Mostly offshore winds are expected this week over the northern Gulf of Mexico, thanks to the approach of the 90L storm along the Southeast U.S. coast. It is uncertain if these winds will be strong enough to push oil southward into the Loop Current, though at least one ocean trajectory model does show this occurring. As I discussed in my post Wednesday, the Loop Current is very unstable right now, and is ready to cut off into a giant clockwise-rotating eddy, an event that occurs every 6 - 11 months. At least one ocean model (the Global HYCOM model from the HYCOM consortium) is predicting that such an eddy will form this week. In the event a Loop Current Eddy does break off, it would create a rotating ring of water 250 miles in diameter to the south of the oil spill. Oil moving southwards would tend to enter the giant eddy and circulate around it, not threatening any land areas. Roffer's Ocean Fishing Forecast Service has a nice discussion on the possibility of the Loop Current cutting off into a Loop Current Eddy. Keep in mind, though, that during the first month that a Loop Current Eddy forms, it exchanges a considerable amount of water with the Loop Current. Thus we can expect that a portion of any oil moving southwards into a Loop Current Eddy will find its way into the Loop Current and move past the Florida Keys.

Oil spill resources
My post Wednesday with answers to some of the common questions I get about the spill
My post on the Southwest Florida "Forbidden Zone" where surface oil will rarely go
My post on what oil might do to a hurricane
NOAA trajectory forecasts
Deepwater Horizon Unified Command web site
Oil Spill Academic Task Force
University of South Florida Ocean Circulation Group oil spill forecasts
ROFFS Deepwater Horizon page
Surface current forecasts from NOAA's HYCOM model
Synthetic Aperture Radar (SAR) imagery from the University of Miami

I'll be back with a new post Tuesday morning.

Jeff Masters

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Im telling you shear is not going to drop. I can assure everyone its gonna stay strong most of the season discouraging a lot of activity. this year may very well be no different than last year.I foresee very little action.
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1133. IKE
00Z UKMET


00Z CMC


6Z NOGAPS
Member Since: June 9, 2005 Posts: 23 Comments: 37858
1132. IKE
90L....

Member Since: June 9, 2005 Posts: 23 Comments: 37858
Most of the reliable models show this in the NW Caribbean

Member Since: July 24, 2005 Posts: 407 Comments: 19076
Hmm. Point taken, I suppose.

Anyhow, gonna try and get a few hours of sleep. Got some things to do in the AM.

See ya around, Storm!
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Quoting StormW:
Enter, La Nina



I wonder when the shear is going to start dropping in response?
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Quoting IKE:
Looks like the 00Z ECMWF continues to diminish the significance of 90L.

After looking at a satellite on it, I see why. ECMWF also shows a system in the east-PAC but kills it after landfall, with nothing on the Caribbean side.

Don't see much in the western Caribbean on the GFS or CMC,.


There is at least a broad and disorganized area of low pressure around days five and six.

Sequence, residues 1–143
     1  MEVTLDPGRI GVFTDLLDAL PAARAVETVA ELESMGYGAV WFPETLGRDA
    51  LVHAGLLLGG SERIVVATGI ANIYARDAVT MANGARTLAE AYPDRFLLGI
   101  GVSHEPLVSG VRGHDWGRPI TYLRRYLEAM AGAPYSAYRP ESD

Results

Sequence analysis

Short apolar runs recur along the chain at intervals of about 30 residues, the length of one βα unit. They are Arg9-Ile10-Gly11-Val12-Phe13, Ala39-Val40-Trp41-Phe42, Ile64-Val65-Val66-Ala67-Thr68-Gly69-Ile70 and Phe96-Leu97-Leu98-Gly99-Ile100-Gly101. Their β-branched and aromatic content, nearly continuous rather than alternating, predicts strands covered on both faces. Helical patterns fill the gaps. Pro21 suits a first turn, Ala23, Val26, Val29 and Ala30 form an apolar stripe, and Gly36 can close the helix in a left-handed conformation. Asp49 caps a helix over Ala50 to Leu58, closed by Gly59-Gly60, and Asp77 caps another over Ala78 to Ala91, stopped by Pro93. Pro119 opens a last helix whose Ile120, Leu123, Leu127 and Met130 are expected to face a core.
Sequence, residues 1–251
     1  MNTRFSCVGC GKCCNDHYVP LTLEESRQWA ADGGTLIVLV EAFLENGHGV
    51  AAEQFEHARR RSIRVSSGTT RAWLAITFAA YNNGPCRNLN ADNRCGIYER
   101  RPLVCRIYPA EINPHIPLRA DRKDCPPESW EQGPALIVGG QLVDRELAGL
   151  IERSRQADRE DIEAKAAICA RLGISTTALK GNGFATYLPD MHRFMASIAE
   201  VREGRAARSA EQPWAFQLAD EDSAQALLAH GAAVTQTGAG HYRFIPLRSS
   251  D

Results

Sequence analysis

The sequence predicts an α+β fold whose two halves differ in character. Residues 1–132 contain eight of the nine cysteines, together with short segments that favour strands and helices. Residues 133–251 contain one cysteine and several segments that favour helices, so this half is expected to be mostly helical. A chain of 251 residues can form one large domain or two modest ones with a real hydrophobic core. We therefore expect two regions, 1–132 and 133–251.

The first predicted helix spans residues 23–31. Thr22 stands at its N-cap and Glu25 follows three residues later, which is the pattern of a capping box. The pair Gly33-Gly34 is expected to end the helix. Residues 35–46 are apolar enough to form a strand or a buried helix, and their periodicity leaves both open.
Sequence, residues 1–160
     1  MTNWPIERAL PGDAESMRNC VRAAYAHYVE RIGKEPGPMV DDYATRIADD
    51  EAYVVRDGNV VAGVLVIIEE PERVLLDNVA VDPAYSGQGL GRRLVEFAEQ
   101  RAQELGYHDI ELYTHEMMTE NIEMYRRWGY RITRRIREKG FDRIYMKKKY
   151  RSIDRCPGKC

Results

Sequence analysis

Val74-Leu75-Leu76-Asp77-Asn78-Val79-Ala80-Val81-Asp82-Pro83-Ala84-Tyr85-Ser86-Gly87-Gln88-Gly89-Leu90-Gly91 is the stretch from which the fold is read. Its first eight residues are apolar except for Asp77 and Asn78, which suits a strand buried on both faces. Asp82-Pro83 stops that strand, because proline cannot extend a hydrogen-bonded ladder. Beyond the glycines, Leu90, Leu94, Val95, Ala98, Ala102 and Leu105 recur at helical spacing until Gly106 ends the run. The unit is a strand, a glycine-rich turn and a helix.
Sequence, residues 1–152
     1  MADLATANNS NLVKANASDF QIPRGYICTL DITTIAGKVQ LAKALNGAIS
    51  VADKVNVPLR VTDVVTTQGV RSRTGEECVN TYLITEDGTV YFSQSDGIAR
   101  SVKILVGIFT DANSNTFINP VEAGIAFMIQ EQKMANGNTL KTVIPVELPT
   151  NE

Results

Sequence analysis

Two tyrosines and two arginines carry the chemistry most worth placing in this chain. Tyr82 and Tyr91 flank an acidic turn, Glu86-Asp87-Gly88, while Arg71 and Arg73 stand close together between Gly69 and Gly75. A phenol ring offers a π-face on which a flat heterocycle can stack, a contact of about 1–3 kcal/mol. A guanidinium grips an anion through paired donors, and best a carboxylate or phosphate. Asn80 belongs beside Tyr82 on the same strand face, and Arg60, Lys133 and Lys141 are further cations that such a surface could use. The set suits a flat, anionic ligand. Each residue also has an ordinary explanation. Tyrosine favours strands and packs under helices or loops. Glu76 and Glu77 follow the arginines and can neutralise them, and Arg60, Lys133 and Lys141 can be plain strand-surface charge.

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1123. guygee
BP Oil Leak - Has the casing finally eroded away?

Some bloggers monitoring the live feed of the leak have detected some possible major changes in the flow of oil around the riser, with gas venting now from the seafloor. Waiting on some verification, but check it out for yourself...it looks bad:

Major Change Down Below...


Off to try and get a couple hours of sleep...
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Looking at the latest IR satellite this is a complete utter mess. It can't look much worse than this. It's peak time is supposed to be later this evening. It's way too broad to tighten up now. At least the carolina coast will get some needed rain showers today.
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1121. guygee
Quoting MahFL:
Hello Guy, I see a new center at 73/30. Also some green on the IR is now showing, which means thunderstorms are not getting sheared as much.
I agree the shear is relaxing, so I haven't given up on 90L yet. Still weird looking in the vicinity of the ULL and dry air, but I think the environment is becoming more favorable.

Already north of my latitude, so even if it drifts left of forecast best I can hope for is some onshore convergence bands, then maybe some strong storms popping the cap as the upper flow backs to the NW.
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1120. MahFL
Hello Guy, I see a new center at 73/30. Also some green on the IR is now showing, which means thunderstorms are not getting sheared as much.
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1119. guygee
Good morning all.
Working hard in the yard all day yesterday, then accidentally fell asleep at 8:30 PM, then up since 2:00 this morning. I hate that when it happens.

Watching 90L IR2 loops...broad low perhaps a little more WNW than previous forecasts? Getting some wraparound moisture now.

STS's can be strange beasts...perhaps this will stay extratropical, but I have to admit I am wishcasting for some drenching rains on the parched Space Coast. At least a few convergence bands working in from the NNE attm.
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1118. IKE
Looks like the 00Z ECMWF continues to diminish the significance of 90L.

After looking at a satellite on it, I see why. ECMWF also shows a system in the east-PAC but kills it after landfall, with nothing on the Caribbean side.

Don't see much in the western Caribbean on the GFS or CMC.
Member Since: June 9, 2005 Posts: 23 Comments: 37858
Quoting Weather456:
I am becoming more confident of an Alma-Arthur scenario.

Morning all


Good morning.

As far as the Alma/Arthur scenario goes, I agree that it's possible, but I would like to see how the steering pattern evolves over the coming days, as well as how the current Pacific disturbance organizes itself over the next several days. As I said earlier, it has some moderate easterly shear and some ITCZ convection to contend with, the latter of which severely hampered intensification of Carlos last year.